The week, which mixes “Jaws”-esque documentary footage of the ocean hunters with celebrity guests and educational shows, helped fix the Discovery Channel as a mainstay on cable. Stephen Colbert once said the event was “one of the two holiest of holidays” next to Christmas. Last year, “Shark Week” shattered its own best showing for a single telecast, earning 5 million average total viewers with a show featuring a simulated race between Olympian Michael Phelps and a CGI shark.

“Shark Week” will go down as one of the most profitable long shots in television history. It may have all started with an idea scribbled on a bar napkin.

In 2012, Brooke Runnette, then “Shark Week’s” executive producer, told the Atlantic the idea was the product of a “post-work brainstorming session” at a bar with Discovery executives John Hendricks, Clark Bunting and Steve Cheskin.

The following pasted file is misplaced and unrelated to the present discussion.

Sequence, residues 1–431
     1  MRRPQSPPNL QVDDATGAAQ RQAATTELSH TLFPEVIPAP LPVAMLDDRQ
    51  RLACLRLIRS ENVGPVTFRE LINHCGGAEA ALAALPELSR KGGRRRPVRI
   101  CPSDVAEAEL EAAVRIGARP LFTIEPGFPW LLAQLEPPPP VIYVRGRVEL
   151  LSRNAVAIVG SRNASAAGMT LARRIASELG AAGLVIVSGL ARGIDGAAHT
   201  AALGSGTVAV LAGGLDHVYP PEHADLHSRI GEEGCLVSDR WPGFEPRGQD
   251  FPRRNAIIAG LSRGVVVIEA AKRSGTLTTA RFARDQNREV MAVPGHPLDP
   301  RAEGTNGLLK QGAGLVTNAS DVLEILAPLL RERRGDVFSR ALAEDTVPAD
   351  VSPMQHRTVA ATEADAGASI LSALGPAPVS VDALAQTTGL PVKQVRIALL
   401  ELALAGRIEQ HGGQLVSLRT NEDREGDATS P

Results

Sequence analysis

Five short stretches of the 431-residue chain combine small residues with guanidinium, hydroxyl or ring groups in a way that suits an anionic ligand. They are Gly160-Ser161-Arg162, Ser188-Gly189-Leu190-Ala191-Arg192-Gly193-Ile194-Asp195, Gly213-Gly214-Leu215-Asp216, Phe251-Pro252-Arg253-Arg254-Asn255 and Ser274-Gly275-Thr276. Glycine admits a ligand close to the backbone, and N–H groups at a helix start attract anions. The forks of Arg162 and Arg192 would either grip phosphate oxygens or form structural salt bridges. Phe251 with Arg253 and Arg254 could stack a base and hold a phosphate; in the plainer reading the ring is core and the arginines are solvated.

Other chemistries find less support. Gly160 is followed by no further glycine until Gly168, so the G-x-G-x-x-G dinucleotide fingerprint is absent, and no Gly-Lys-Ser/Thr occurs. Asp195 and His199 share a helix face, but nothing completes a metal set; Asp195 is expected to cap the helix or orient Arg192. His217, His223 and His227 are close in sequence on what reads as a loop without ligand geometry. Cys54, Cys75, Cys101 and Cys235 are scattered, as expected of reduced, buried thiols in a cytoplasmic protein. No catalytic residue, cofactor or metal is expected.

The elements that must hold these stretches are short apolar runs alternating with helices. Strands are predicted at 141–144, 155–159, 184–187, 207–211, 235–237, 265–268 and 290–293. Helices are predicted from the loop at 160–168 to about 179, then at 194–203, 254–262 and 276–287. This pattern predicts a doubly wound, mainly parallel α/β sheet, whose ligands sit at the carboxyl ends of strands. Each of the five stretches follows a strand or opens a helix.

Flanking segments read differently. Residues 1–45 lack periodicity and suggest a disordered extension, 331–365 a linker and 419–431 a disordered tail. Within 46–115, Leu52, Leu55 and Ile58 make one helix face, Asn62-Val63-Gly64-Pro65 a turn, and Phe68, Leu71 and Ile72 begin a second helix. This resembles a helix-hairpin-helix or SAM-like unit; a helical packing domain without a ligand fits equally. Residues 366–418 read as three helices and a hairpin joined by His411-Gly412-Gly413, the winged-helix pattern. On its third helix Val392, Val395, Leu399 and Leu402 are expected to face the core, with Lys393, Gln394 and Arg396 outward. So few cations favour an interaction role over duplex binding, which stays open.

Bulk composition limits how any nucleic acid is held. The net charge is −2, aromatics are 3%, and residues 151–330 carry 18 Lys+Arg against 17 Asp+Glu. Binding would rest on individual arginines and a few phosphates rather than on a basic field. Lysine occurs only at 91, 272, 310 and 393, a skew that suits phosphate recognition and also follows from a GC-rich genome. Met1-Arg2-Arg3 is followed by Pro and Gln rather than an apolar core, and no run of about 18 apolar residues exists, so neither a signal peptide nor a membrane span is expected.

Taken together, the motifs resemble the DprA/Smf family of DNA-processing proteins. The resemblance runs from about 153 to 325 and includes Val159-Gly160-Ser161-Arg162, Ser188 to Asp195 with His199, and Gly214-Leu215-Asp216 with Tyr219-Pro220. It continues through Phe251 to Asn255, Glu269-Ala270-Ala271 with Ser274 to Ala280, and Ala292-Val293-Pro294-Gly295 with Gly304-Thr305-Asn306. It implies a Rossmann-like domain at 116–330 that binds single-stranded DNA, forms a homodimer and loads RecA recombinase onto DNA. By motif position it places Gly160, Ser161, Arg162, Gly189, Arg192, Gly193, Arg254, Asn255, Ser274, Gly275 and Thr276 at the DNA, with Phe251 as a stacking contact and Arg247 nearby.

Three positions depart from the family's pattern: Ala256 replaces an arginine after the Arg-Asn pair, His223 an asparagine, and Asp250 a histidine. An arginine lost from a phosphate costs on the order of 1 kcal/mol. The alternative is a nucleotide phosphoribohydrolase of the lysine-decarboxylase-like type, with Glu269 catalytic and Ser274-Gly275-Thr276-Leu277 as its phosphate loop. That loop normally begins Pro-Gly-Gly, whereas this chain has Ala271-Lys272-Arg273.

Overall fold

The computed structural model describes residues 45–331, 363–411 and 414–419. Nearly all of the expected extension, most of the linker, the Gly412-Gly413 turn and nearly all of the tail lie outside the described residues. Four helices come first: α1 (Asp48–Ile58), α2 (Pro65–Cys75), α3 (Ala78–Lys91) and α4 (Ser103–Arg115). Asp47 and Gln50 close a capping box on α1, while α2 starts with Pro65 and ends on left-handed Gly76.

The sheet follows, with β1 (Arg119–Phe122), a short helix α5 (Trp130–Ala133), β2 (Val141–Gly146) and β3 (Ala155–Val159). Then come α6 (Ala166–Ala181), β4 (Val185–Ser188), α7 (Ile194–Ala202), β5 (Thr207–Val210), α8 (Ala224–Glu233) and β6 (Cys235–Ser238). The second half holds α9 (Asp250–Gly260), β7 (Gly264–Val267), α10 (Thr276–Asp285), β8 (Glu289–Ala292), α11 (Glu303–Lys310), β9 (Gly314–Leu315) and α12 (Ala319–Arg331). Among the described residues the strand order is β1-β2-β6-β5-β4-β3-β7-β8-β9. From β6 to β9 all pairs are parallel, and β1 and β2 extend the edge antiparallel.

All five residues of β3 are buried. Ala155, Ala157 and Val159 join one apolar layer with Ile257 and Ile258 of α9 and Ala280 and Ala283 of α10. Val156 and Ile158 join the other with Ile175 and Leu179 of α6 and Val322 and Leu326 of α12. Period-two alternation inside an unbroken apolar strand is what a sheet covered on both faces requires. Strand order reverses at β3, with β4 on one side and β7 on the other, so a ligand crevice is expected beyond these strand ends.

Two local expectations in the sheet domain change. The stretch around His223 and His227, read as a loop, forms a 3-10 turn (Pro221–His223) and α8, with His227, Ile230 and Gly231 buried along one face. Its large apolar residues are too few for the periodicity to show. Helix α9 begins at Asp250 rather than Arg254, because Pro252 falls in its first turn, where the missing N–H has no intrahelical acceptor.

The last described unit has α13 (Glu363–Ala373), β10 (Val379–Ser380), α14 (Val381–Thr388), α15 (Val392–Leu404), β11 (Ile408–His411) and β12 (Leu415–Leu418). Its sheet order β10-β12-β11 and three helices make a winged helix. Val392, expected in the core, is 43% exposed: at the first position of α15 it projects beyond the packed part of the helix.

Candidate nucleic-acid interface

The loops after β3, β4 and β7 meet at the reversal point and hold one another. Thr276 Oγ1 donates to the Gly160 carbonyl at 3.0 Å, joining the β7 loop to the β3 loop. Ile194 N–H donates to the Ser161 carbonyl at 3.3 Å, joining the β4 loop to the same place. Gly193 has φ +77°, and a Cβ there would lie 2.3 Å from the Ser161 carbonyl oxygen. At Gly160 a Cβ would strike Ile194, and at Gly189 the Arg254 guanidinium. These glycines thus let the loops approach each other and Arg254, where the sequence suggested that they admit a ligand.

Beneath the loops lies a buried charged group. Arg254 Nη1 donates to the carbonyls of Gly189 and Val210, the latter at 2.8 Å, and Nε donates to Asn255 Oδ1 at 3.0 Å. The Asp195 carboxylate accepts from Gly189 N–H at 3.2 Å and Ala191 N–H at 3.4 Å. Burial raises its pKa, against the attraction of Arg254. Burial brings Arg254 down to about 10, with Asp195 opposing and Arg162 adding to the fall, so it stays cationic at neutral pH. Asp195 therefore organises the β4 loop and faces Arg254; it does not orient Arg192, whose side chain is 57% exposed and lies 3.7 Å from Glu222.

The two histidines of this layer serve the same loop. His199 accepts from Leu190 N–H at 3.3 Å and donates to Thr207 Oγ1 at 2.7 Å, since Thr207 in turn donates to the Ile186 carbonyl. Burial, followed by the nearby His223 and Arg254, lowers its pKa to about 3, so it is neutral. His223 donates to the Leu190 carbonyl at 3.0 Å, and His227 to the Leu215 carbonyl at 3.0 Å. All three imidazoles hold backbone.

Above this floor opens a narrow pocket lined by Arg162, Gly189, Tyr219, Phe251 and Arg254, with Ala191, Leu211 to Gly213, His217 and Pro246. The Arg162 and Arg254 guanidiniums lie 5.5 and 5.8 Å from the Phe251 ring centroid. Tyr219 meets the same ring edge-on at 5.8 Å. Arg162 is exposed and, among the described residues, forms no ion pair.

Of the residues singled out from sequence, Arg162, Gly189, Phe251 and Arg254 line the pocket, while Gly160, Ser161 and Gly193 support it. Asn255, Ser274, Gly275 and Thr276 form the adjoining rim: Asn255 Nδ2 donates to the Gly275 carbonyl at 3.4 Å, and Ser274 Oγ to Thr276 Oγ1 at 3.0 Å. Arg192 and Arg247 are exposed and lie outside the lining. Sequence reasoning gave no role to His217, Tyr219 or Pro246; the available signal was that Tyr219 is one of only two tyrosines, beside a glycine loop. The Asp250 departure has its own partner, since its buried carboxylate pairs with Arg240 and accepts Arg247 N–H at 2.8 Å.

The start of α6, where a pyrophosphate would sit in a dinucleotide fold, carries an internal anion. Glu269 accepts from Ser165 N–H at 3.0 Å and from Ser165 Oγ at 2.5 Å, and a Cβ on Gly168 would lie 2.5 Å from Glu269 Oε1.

“As I’ve heard it, they were just talking about what kinds of things would be fun to do on Discovery,” Runnette told the magazine. “And one of them said something like, ‘You know what would be awesome? Shark Week!’ And somebody in that nexus scribbled it down on a napkin. You know how that is. An idea in a bar comes from many fathers.”

Two years later, Eileen O’Neill, then Discovery Channel’s group president, told the Week the idea’s genesis was more rooted in market knowledge. “It started with a scheduler and the founder of the company, John Hendricks, brainstorming,” O’Neill said. “They started with the premise that sharks are such predatory beasts, and rated well, and thought, ‘What if [we] took advantage of the August beach time?’ ”

Wherever “Shark Week” idea came from, the network needed it badly — something to jolt the interest of both viewers and cable providers.